The Inchoateness of Being
[T]his slow process of transformation and the realizations that came with it were not either-or decisions; they were great big both-and realizations. None of it happened without much prayer, self-doubt, study and conversation, but the journey itself led me to a deepening sense of what the church calls holiness, what Americans call freedom. Richard Rohr1
Last week, in my post In Deep Time, I wrote about the distinction I have come to between black-and-white thinking (dualistic) and thinking in shades of gray (contemplative). Dualistic thinking assumes I am whole and complete, that I am confident enough in my understanding of the gospel to represent God, therefore I am capable of dividing who is “in” and who is “out.”
Yet I have been told by an apostle of Jesus that He continues to mature me during my entire walk with Him here on earth, and that I will not be complete and whole until He returns. (Philippians 1:6) In all humility, I can say I am an unfinished masterpiece, here simply to do what He has designed me to do long before I was born. (Ephesians 2:10)
Knowing then, that I never have all the answers, that I am imperfect and unfinished in my spiritual development, I must remain alert to learning opportunities from the Spirit. I must remain teachable. I must be open to the continual direction, to the new – and sometimes paradoxical – worldview the Spirit places before me.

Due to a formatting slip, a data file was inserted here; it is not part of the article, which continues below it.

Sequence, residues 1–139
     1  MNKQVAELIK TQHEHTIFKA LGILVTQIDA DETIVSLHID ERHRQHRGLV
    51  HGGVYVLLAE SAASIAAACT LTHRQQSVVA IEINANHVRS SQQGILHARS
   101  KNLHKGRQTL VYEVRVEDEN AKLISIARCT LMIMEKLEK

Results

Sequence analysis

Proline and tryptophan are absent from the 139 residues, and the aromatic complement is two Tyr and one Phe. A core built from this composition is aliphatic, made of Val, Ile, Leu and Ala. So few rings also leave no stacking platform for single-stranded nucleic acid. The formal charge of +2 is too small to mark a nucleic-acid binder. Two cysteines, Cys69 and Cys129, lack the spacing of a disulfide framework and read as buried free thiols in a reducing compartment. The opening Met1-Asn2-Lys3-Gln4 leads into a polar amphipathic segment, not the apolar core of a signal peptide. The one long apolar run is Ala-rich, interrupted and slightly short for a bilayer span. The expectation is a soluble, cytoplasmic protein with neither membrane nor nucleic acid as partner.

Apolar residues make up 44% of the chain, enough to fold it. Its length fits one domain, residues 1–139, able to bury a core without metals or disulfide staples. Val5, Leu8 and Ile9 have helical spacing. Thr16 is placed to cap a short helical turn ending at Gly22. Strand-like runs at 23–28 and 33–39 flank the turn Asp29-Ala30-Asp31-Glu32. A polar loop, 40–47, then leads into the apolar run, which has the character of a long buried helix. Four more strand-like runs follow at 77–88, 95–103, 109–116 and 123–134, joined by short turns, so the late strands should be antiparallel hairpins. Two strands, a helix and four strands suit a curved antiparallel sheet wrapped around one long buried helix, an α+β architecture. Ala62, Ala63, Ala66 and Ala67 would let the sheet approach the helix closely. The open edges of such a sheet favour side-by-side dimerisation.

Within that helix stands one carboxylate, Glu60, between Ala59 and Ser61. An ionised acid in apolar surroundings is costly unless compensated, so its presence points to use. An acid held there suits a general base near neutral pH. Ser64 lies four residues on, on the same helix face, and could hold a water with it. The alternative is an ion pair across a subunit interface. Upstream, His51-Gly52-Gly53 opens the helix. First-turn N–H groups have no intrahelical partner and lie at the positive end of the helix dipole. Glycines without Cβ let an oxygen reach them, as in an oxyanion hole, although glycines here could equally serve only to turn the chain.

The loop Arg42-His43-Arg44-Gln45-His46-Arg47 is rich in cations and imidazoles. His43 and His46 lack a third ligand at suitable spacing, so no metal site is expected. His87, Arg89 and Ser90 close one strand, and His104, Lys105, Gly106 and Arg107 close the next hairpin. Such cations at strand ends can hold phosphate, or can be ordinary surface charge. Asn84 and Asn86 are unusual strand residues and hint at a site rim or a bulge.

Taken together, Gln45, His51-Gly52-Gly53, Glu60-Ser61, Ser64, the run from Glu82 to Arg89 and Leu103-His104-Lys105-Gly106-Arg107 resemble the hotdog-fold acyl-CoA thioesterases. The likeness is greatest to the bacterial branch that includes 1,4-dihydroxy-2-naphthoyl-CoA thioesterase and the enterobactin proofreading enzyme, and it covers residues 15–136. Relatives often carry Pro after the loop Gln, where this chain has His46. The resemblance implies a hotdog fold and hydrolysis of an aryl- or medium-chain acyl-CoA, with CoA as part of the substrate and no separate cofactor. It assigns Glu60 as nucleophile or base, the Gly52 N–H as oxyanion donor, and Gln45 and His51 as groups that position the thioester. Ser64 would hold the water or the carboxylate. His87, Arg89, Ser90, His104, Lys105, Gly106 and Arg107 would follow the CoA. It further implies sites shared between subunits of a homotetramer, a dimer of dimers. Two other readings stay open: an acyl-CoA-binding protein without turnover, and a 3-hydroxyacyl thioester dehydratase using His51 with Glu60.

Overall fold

Unfortunately, most Christians are not well trained in holding opposites for very long, or living with what could be very creative tension. It is probably necessary to eliminate most doubt when you are young; doing so is a good survival technique. But such worldviews are not true – and they are not wisdom. Wisdom happily lives with mystery, doubt and unknowing. Richard Rohr2
The ability to hold this “creative tension” of ideas has given me an extraordinary gift. Where I once viewed God within the box of religious law, I now see Him as He really is – an all-encompassing, magnificent God who accomplishes monumental things. He does this through those of us willing to be shaped and used by Him who fills us with His unconditional love and generous grace.
Because I am incomplete, I cannot be audacious enough to preach condemnation onto others. I cannot be presumptuous enough to tell anyone I have the right formula to save them. And because He has bestowed His unreserved mercy onto me, I cannot withhold it from anyone. Only God saves, in His powerful, transformative and unique ways.
I may not understand the way God goes about saving you; you may not comprehend the way He will go about saving your son or daughter, or your best friend. The beauty of it is, we don’t need to understand. It is the mystery of the way He works in us.
And don’t forget, even though we can’t see it, or we struggle with it or we doubt it, He’s not just saving us – He’s busy saving the world.
Either Jesus is the “savior of the world” (John 4:42) or he is not much of a savior at all. Richard Rohr1
1 ©2011, Richard Rohr, Falling Upward, pg.108, Jossey-Bass, San Francisco, CA
2 ©2011, Richard Rohr, Falling Upward, pp.111,112, Jossey-Bass, San Francisco, CA